And God called the light Day, and the darkness he called Night. And the evening and the morning were the first day.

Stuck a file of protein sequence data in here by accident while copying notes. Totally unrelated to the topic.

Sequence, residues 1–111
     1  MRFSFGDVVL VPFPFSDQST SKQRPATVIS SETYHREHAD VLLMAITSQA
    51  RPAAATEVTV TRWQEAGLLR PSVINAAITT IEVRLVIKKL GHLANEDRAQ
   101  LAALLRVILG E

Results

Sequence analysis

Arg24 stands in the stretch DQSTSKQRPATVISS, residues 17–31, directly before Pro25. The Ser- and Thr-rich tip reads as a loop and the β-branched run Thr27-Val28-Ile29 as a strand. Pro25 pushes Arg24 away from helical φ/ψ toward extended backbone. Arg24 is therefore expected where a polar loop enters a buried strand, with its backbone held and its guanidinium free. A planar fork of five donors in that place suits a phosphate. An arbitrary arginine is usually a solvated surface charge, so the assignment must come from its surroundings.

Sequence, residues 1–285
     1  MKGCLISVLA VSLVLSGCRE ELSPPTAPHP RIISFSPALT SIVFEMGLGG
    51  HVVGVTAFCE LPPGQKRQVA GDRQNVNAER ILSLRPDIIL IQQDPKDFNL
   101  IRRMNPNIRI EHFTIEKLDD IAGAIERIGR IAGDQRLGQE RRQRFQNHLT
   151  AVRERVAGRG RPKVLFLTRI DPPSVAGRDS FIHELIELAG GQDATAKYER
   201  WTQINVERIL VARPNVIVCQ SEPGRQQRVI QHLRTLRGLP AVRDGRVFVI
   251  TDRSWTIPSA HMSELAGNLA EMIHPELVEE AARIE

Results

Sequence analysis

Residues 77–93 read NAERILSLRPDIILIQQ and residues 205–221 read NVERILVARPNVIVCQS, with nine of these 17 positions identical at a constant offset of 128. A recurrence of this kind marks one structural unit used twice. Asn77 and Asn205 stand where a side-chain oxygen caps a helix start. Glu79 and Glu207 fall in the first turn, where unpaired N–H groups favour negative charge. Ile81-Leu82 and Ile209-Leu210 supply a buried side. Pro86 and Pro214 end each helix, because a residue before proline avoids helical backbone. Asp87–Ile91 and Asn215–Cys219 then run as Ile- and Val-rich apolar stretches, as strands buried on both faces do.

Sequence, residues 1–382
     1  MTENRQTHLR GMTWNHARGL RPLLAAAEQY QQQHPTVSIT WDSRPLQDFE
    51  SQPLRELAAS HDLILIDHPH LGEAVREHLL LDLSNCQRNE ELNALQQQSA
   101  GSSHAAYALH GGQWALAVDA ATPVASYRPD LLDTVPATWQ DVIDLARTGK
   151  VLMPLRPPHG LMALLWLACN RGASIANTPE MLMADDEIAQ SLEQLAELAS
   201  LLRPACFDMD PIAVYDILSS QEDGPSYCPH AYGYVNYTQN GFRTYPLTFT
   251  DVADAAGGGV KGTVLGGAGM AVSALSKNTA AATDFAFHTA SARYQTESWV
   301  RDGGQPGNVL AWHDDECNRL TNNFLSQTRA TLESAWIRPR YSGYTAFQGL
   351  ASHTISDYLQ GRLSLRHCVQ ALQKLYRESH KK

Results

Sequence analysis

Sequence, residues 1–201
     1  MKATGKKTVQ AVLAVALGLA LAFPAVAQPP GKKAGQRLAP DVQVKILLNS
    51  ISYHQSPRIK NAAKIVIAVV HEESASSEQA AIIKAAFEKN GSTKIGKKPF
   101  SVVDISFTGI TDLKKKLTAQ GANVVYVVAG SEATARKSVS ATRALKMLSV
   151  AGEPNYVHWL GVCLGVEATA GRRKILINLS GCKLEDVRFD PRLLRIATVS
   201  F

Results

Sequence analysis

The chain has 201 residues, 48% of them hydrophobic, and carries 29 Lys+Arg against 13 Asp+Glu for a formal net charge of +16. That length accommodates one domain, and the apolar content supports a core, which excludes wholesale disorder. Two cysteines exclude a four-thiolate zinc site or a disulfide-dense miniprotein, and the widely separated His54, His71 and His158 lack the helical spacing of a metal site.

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Hitherto it may have sufficed to speak literally of the origins of the growing world. It is pleasing, however, to intimate in a few words that order of those six or seven days in which the world was made correspond to its ages - which are of the same number. For the first day, on the which God said, ‘Let there be light, and there was light’, corresponds with the first age in whose beginning that same world was made and man was set in the pleasurable delights of paradise, where he enjoyed the presence of his maker’s grace, free, and innocent of all evil. But that day already began to decline towards evening when the first people lost, by sinning, the happiness of the heavenly homeland and were sent into this vale of tears; that also signified the hour of that time when Adam, after the sin of transgression, heard the Lord walking away in paradise in the hour after noon. Indeed, the Lord walked away in the garden so that he might signify that he was going away from man, in whose heart calm had dwelt; and this happened ‘in the hour after noon’, so that man might recognise that the light of divine understanding and the fervour of divine love were diminished in him. However, the full evening of this day came when the whole earth was corrupted before the face of God, by the growing vices of the human race, and it was filled with iniquity, to such an extent that all flesh deserved to be destroyed in the flood, except those in the ark.